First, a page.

Breast cancer is a result of uncontrolled cell growth in the mammary glands. It is commonly seen in females, however, there is a possibility for the occurrence of breast cancer in males too. Breast cancer treatment is seeing better outcomes thanks to the awareness being spread along with the advancement in technology.

Although, Your Large  breasts may change in size and shape throughout your teens and early 20s. The final period of change occurs during menopause. Your breasts may deflate and become less firm as your body produces less estrogen.

The survival rate of breast cancer is on the rise largely because of early detection (read more here about the 3 early detection tips for breast cancer), a better understanding of the disease, and a more personalized approach in treating patients.

Treatment for breast cancer sometimes requires one or both breasts to be partially or totally removed. This procedure is known as a mastectomy. After a mastectomy, breast reconstruction can be done to minimize the procedure’s psychological impact. The aim of breast reconstruction after a mastectomy or lumpectomy is to reform or reshape one or both breasts. Reconstruction surgery can either be done at the time of mastectomy or lumpectomy or after the breast cancer treatment is completed. It is observed, that only about 40 percent of the women who have undergone mastectomy choose to undergo breast construction surgery. This is because of the misconceptions associated with breast reconstruction.

Myth #1 – Breast reconstruction causes an obstruction in detecting breast cancer if it re-occurs

Women tend to think that the implant or breast flap used in the reconstruction surgery will conceal smaller tumours or cancer under it and prevent it from being detected in a mammogram. However, the fact remains that this is not true. If cancer returns, it usually occurs in the wall of the skin or chest. A physical examination or radiological tests can detect this if necessary. In fact, it is found that recovery does not alter the treatments available for chronic patients. In addition, these small areas of persistent cancer growth are simply removed and the reconstruction remains in place.

Nonetheless, the fact remains that breast reconstruction is a personalized approach and depends on the requirement of that particular patient.

Myth #2 – Breast reconstruction surgery postpones or interferes with cancer preventive treatments like radiation and chemotherapy

In general, women tend to be apprehensive while undergoing breast cancer treatment and are fearful that further delay in treating the disease could have adverse consequences. They have a fear that the possibility of cancer spreading to surrounding tissues will increase by delaying treatment.

The truth of the matter is reconstruction results very rarely in chemotherapy or radiation delays. Furthermore, implant or tissue reconstruction does not interfere with chemotherapy or radiation treatments. A study has also shown that those undergoing reconstructions have no increased risk of cancer returning or spreading to other body locations.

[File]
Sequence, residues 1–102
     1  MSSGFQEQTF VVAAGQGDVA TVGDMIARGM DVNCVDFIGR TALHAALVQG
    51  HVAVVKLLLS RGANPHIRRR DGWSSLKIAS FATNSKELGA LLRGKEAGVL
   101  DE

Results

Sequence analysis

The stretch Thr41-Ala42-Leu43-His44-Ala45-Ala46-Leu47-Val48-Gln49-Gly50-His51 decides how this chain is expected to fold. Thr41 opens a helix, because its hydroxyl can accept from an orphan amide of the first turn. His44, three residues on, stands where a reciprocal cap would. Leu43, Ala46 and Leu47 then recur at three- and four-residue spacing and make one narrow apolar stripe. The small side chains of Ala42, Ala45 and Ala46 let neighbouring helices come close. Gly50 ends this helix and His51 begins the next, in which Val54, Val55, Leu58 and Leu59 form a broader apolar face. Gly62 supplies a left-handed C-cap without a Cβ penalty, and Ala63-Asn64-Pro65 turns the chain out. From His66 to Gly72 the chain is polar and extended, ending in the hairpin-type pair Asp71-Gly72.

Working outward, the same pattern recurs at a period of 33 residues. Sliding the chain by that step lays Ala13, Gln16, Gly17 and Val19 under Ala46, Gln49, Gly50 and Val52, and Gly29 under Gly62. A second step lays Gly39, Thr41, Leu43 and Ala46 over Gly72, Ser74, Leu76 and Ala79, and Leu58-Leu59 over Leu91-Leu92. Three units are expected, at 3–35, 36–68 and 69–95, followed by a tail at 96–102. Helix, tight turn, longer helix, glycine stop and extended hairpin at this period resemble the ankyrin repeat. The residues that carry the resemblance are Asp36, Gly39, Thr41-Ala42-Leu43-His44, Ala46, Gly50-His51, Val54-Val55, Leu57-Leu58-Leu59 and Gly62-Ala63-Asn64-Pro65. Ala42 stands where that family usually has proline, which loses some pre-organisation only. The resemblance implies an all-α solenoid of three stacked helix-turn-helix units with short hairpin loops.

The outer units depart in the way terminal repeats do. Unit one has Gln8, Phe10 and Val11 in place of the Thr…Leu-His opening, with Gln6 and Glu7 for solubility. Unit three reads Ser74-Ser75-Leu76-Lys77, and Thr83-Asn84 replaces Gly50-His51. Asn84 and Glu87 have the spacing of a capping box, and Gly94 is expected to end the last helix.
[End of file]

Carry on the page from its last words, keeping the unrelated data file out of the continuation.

Myth #3 – Women who are unhappy with their initial reconstruction have no options to improve it.

Many women who have reconstruction may not be entirely satisfied with the outcome of the procedure. This can cause anxiety and depression. They may think there is no way to tackle these problems and not bring them up with their surgeon.

However, this should not be the case. The patient is urged to ask question and doubts honestly so that the surgeon can propose the best-suited treatment. Revision surgery of the breast reconstruction can be opted for if the patient is dissatisfied with the outcome.

For example, an implant-based breast reconstruction sometimes leaves a hole in the upper part of the breast that is hard to hide with clothing. Reconstructive surgeons may repair this by grafting or inserting fat from other parts of the body into the hollow area. During the initial operation, this cannot be done as the temporary reconstruction must heal in order to form a pocket that can receive the fat.

Sometimes, for aesthetic purposes, women may want surgery on the unaffected breast. These procedures are usually minor and are usually performed in an ambulatory setting. Research has also shown that patients who have undergone revision surgery are satisfied with the end result.

Myth #4 – Breast reconstruction is not a priority; women tend to focus more on breast cancer treatment

Woman are more focused to fight breast cancer effectively and will use the best treatment protocol to ensure a successful outcome. Procedures like mastectomy and lumpectomy guarantee complete removal of cancer along with complete or partial removal of a breast. Breast reconstruction surgery can help the patient both physically and psychologically. There are a number of reconstruction procedures today, but breast cancer patients may not be aware of all their options. Patients who understand the risks and benefits are more likely to opt for reconstruction surgery. It may not be right for everyone, but everyone deserves to know what is available to make a decision that is fully informed.

Dealing with a breast cancer diagnosis can be exhausting. It is, therefore, crucial to be well-informed. To know more about breast cancer and breast cancer treatment in India, you can visit our website by clicking here